In addition, the entire incident revealed beyond any doubt that there are indeed two levels of justice in this country: One for the average person and another for the favored and well-connected. Both lessons—how to evade responsibility and the fact that the well-connected will not be fully held to account—are permanent stains on the fabric of American culture and decency. If this incident was a dinner party, then Senator Ted Kennedy—with the famous family name revered by the liberal media and thus granted slack that no Republican could ever hope for—knocked over the wine glass onto the white carpet, never apologized to the host, and tried to blame the whole thing on the person sitting next to him—and then expected to be invited back next week.

The Rejection of Robert Bork, 1987

Robert Bork, a highly-respected scholar and judge, was nominated to the Supreme Court in 1987 by President Reagan. Being more conservative than the retiring Justice Lewis Powell that he’d be replacing, Democrats were determined to block Bork’s appointment and prevent the Court from tilting in a conservative direction.

The day that Bork was nominated, Kennedy made perhaps the most famous and influential speech of his entire career, a wildly histrionic speech in which he excoriated Bork, attacking his character with vitriolic falsehoods, gratuitous lies and totally fabricated innuendo:

Robert Bork’s America is a land in which women would be forced into back-alley abortions, blacks would sit at segregated lunch counters, rogue police could break down citizens’ doors in midnight raids, schoolchildren could not be taught about evolution, writers and artists could be censored at the whim of the Government, and the doors of the Federal courts would be shut on the fingers of millions of citizens.

This was an astonishing speech coming from a supposed highly-respected leader of the country. The reality was, of course, that Bork was eminently qualified; he simply wasn’t in philosophical lockstep with the Democratic Party.

Kennedy’s performance during the Bork episode can plausibly be thought of as the beginning of the modern-day liberal media bias era as we know it today. His comments and behavior were blatantly and intentionally inaccurate, intended to shape public perception. The news outlets—overwhelmingly populated by liberal correspondents and writers—never questioned Kennedy’s statements or assertions of Bork’s unfitness. They never questioned his motives or inquired about his sources. Instead, they played his incendiary comments over and over, unchallenged, unquestioned, as if it was news, not opinion.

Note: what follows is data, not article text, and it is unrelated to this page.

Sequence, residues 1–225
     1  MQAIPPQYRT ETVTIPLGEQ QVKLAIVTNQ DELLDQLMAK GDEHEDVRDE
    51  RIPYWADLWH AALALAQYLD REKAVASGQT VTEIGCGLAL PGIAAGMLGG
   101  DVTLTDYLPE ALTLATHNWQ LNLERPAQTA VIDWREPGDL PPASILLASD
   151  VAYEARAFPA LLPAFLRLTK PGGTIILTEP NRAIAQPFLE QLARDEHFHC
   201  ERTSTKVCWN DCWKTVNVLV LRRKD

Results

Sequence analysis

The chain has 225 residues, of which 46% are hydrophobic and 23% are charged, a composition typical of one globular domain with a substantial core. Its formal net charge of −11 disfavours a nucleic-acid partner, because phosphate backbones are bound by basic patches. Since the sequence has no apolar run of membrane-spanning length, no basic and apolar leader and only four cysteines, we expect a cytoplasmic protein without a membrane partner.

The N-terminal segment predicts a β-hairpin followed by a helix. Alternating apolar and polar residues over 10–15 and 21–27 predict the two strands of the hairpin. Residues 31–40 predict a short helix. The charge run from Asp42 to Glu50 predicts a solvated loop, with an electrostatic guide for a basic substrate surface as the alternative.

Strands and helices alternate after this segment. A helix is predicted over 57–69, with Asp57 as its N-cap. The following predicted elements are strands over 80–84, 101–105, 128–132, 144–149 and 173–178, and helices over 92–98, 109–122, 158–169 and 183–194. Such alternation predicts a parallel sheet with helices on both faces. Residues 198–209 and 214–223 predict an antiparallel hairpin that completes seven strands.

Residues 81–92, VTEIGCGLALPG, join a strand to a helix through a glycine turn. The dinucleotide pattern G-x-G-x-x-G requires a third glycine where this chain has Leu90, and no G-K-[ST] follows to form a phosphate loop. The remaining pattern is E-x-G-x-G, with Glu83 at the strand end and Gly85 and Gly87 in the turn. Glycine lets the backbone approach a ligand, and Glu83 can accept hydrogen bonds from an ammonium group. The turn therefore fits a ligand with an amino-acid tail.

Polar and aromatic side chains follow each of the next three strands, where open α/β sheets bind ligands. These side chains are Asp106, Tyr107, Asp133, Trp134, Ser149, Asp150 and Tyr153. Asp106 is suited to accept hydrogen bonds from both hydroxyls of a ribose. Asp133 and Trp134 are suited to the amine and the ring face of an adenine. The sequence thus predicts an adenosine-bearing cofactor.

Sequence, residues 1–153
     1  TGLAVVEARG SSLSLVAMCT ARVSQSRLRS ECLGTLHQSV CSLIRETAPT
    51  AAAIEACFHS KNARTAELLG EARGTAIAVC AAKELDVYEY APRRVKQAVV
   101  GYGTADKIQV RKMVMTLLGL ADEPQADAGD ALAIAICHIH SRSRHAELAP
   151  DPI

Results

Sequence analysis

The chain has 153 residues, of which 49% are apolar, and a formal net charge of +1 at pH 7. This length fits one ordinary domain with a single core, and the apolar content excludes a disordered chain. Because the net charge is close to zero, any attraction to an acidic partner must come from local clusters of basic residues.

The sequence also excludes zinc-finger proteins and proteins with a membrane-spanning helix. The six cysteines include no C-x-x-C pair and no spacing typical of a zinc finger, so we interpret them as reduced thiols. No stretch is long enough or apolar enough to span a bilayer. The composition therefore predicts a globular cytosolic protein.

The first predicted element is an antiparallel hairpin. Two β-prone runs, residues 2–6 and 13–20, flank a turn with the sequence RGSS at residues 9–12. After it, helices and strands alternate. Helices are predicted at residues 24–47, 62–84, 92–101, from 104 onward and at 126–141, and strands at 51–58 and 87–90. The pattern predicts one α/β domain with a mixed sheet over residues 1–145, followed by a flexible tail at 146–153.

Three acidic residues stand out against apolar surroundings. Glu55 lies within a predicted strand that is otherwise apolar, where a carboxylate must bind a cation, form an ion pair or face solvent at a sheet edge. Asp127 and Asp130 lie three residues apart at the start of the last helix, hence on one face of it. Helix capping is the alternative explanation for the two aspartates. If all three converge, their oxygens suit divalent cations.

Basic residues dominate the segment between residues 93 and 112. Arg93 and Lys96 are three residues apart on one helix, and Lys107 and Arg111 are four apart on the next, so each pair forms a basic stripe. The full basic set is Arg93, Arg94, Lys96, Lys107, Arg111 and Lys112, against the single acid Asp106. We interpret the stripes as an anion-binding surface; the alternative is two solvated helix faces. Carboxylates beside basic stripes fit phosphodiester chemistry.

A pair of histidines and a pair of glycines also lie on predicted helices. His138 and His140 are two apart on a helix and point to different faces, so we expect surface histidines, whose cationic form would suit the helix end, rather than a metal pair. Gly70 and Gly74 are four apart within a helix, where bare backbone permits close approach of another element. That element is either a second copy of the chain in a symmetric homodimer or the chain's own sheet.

Stunned into non-action, the Republicans never did mount any kind of counter to Kennedy’s baseless attack. In 1987, there were no media/legal watchdog groups like today’s Media Research Center or Judicial Watch to get an opposing viewpoint out into the public space. Fox News was still ten years away. The Big Three television networks dominated the media landscape and their liberal slant pervaded virtually all the news coverage. Ted Kennedy, with a floor Senate speech born out of unabashed partisanship, personal animus and the brazen, apparent desire for self-aggrandizement, cleverly and knowingly leveraged a liberal media he knew would never challenge him and single-handedly engineered a major structural change to the country’s highest court system that would have repercussions decades into the future.

As President, John F. Kennedy didn’t have the chance to make a truly lasting mark on the American landscape. His greatest contributions were as much visual and aesthetic as they were policy: the notion of Camelot, the romance and adventurism of having begun the successful Space Program, the dramatic success of squirming out of the immediacy of the Cuban Missile Crisis. Similarly, Robert Kennedy—the “smartest” Kennedy—never got the chance to really establish his influence on the country, being cut down by an assassin’s bullet during the 1968 Democratic primary campaign, a campaign he seemed likely to win.

But Ted Kennedy, despite lacking his older brothers’ charisma, not being their intellectual equal and seemingly struggling his entire life for the approval of his father Joseph Kennedy Sr., the unapologetically ruthless head of the Kennedy political machine, has made a more lasting impact on American politics, society and culture than any of his brothers. Ted’s actions have left a permanent negative mark on America in terms of demographics, voting, morality and law.

Kennedy’s revisionist-history sycophants have coined the term the “Lion of the Senate” to describe his 47 years of supposedly unselfish, meritorious, crucial work on behalf of the American people. With a minor spelling adjustment, it’s an apt term indeed.

 

 

The annals of governors who have left office under skeptical circumstances are replete with sordid tales of crime, corruption, and shall we say “dalliances”. It seems as though the Federal Government has designated a suite of cells in the federal prison system reserved specifically for use by the Governor of Illinois. No, I’m not kidding. Four of the last seven have left office and gone to the Big House.

Again, I digress.